Wednesday, April 19, 2017

Literally the Best Reviews: All Our Wrong Todays

All Our Wrong Todays -- Elan Mastai
Dutton Books
384 Pages

This is a book about time travel. Now, before you roll your eyes, it’s not your typical time travel story. This is by no means a science fiction novel. It is something far different, and it’s a good thing. Personally, I love time travel stories, so I eagerly grabbed this book when I saw it on the New Release shelf at the Lockport Library.

All Our Wrong Todays by Elan Mastai is less about the science behind the theory of time travel and more about the ripples that form when we try to change something in the past. While it seems to focus on the “Paradox Effect,” it really addresses the individual who wants to make that one tiny little change in order to be a better person. That could be something to make himself feel better, or in this case, something for his father to look at him in a different light.

Tom Barren lives in 2016, but it’s not the 2016 we know. A fluke invention back in the 1960s gives humanity all that it needs to be prosperous and carefree, leading to Tom’s 2016, where everything is perfect. There is no war. There is no hunger. However, there are people who now have the time and resources to do anything they want. So, Tom’s father invents a time machine.

This is not a time machine like you’ve read about in other books. This time machine only has one destination. It can only go back to the day that the “Machine” was turned on by following the unique radiation signature that was emitted by that machine. The thing that makes time travel impossible is that your relative position in space is also moving. A time machine would need to move not only to the correct year, but also the correct spot in space. Without an anchor point, it would be next to impossible. (Unless you have a TARDIS). Luckily for Barren’s father, they can follow the trail of radiation back to the moment they wish to go.

Who wouldn’t want to see the moment that the world changed and made it the Utopia of Tom Barren’s world? That’s the thought of going back -- to observe one of the most historical moments in history. Barren’s father puts him on the backup team, knowing full well that his good for nothing son will never actually make the trip. Alas, life gets in the way just like it always does.

When Barren’s love interest disappears, he does the most irrational thing he can think of. He steals the time machine and heads back to the Day. Unfortunately, he is not really prepared. Instead of fixing the newest screw up in his life, he ends up screwing up the future that was meant for the world. Gone is the perfect world that he remembers.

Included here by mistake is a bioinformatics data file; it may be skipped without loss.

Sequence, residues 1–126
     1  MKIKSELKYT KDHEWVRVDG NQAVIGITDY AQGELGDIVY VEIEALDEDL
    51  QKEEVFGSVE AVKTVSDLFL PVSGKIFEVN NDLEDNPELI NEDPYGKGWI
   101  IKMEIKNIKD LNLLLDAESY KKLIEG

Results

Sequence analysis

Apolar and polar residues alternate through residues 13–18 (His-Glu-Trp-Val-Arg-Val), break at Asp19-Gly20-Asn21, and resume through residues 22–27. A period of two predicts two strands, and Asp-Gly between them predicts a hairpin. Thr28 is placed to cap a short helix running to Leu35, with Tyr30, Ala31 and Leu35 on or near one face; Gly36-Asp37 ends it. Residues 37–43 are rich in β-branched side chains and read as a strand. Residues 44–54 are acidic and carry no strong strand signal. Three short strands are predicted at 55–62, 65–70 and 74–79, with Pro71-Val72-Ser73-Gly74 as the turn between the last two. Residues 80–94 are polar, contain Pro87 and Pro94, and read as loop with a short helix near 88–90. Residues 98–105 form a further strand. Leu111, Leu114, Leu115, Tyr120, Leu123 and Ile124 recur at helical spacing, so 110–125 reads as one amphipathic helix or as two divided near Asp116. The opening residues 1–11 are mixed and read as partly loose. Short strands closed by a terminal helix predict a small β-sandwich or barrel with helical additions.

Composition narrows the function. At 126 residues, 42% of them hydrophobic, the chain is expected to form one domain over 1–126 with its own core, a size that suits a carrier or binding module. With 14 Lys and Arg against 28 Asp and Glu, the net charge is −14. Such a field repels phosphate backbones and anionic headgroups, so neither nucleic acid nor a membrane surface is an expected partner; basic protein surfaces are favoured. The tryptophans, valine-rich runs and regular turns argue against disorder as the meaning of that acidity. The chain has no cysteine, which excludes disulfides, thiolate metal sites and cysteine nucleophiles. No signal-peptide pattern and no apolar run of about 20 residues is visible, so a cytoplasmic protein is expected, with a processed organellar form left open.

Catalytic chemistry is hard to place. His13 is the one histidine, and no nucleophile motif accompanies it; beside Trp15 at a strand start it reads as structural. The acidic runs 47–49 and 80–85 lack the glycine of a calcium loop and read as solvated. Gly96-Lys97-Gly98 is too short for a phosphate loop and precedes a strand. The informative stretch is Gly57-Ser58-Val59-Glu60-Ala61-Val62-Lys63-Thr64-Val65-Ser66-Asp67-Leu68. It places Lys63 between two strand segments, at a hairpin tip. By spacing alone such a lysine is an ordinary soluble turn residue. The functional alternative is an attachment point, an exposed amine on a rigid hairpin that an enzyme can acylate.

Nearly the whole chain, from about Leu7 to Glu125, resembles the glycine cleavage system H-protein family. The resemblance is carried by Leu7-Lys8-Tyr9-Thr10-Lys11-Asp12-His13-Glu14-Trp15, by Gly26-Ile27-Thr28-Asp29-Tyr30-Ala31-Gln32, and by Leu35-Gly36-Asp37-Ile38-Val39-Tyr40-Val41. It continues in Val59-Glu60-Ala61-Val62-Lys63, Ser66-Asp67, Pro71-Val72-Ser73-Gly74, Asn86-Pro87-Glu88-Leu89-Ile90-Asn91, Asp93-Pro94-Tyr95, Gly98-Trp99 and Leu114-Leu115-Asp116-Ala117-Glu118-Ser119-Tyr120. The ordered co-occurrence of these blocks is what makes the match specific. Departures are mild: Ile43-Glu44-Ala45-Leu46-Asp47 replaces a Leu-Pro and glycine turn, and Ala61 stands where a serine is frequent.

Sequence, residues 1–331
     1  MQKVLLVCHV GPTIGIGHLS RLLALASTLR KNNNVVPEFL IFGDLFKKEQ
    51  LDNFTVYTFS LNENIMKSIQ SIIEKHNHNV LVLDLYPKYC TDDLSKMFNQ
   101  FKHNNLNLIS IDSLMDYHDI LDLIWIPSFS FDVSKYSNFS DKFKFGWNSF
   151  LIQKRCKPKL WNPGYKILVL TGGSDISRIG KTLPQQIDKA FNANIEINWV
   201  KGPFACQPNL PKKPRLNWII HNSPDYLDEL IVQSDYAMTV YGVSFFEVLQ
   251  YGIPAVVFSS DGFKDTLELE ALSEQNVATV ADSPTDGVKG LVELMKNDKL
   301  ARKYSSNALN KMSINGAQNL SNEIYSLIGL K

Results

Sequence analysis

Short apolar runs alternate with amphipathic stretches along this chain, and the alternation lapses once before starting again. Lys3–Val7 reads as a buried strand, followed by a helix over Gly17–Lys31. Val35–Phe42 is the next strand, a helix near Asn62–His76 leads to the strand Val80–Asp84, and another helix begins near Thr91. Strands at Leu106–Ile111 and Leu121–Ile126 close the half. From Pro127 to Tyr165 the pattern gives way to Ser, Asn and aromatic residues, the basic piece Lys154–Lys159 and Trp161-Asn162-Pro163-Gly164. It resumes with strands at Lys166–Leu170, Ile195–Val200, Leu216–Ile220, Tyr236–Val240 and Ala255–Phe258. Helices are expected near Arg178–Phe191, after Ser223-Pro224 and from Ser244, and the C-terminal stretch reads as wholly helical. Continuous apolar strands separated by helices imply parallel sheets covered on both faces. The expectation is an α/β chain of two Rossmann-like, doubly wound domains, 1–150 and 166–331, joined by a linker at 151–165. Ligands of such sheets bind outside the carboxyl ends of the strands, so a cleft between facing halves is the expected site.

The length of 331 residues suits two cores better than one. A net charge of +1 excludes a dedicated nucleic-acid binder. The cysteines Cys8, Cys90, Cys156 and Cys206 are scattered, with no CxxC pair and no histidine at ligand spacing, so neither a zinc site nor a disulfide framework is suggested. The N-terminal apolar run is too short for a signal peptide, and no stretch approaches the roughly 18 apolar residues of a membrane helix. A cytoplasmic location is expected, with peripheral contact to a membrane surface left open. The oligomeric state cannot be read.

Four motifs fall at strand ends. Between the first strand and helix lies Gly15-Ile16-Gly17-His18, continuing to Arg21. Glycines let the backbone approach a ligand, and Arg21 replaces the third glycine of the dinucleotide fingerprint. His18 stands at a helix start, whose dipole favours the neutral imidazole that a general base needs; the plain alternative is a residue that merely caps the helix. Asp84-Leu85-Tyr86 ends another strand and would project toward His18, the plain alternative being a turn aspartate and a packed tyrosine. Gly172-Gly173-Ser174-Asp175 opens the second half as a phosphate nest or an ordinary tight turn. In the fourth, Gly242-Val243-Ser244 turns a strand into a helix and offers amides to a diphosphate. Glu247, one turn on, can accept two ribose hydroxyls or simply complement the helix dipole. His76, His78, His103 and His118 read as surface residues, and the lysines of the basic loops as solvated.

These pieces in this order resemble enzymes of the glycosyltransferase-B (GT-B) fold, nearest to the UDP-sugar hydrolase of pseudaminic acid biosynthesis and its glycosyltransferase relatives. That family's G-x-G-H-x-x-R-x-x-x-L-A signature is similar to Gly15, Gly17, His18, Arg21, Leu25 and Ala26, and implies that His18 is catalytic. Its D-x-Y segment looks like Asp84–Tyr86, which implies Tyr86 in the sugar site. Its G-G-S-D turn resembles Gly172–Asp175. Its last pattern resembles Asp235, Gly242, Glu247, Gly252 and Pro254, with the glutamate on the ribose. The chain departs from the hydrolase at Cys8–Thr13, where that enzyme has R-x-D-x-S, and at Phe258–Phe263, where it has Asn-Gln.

Mayhem breaks out as he struggles to balance the life he knows with the life that is now meant for him. His name is even different. Instead of trying to live with this new life, he attempts to fix it again. Each time, the changes get worse and worse, until his life has no resemblance to his previous life at all. Each change makes bigger and bigger changes.

Recently, a local blogger wrote a piece about what he would tell his younger self now that he’s so much older and wiser. He went on and on with the same, old Miss America-like non answers that really mean nothing. The concept was great, and it made me think of what I would say to my younger self. Nothing. I would tell myself nothing. Every moment, every laugh, every year, and every mistake made me the person I am today. Changing one little thing could mean that I never met Wendy, or had my kids. That would be catastrophic.

I think that that’s where Mastai was going with this book. At least that’s what I got out of it. While changing history works well in movies and books, in reality, it could destroy the very person you are. We need to learn to embrace ourselves for who we are and what we are. We just have to accept our awesomeness. Our lives are not as bad as we think they are.

I loved All Our Wrong Todays by Elan Mastai. It was a great book, and it was his first novel. I look forward to what comes from his mind next. He’s been writing screenplays for fifteen years, so there may be some shows I need to watch now. Mastai lives in Toronto, so for us, that’s mostly local. Make sure you get your copy and read this book.

If Craig Bacon could go back in time, he’d probably rewrite a couple sentences. But then again, his name might end up as George Root. We definitely don’t need another George.

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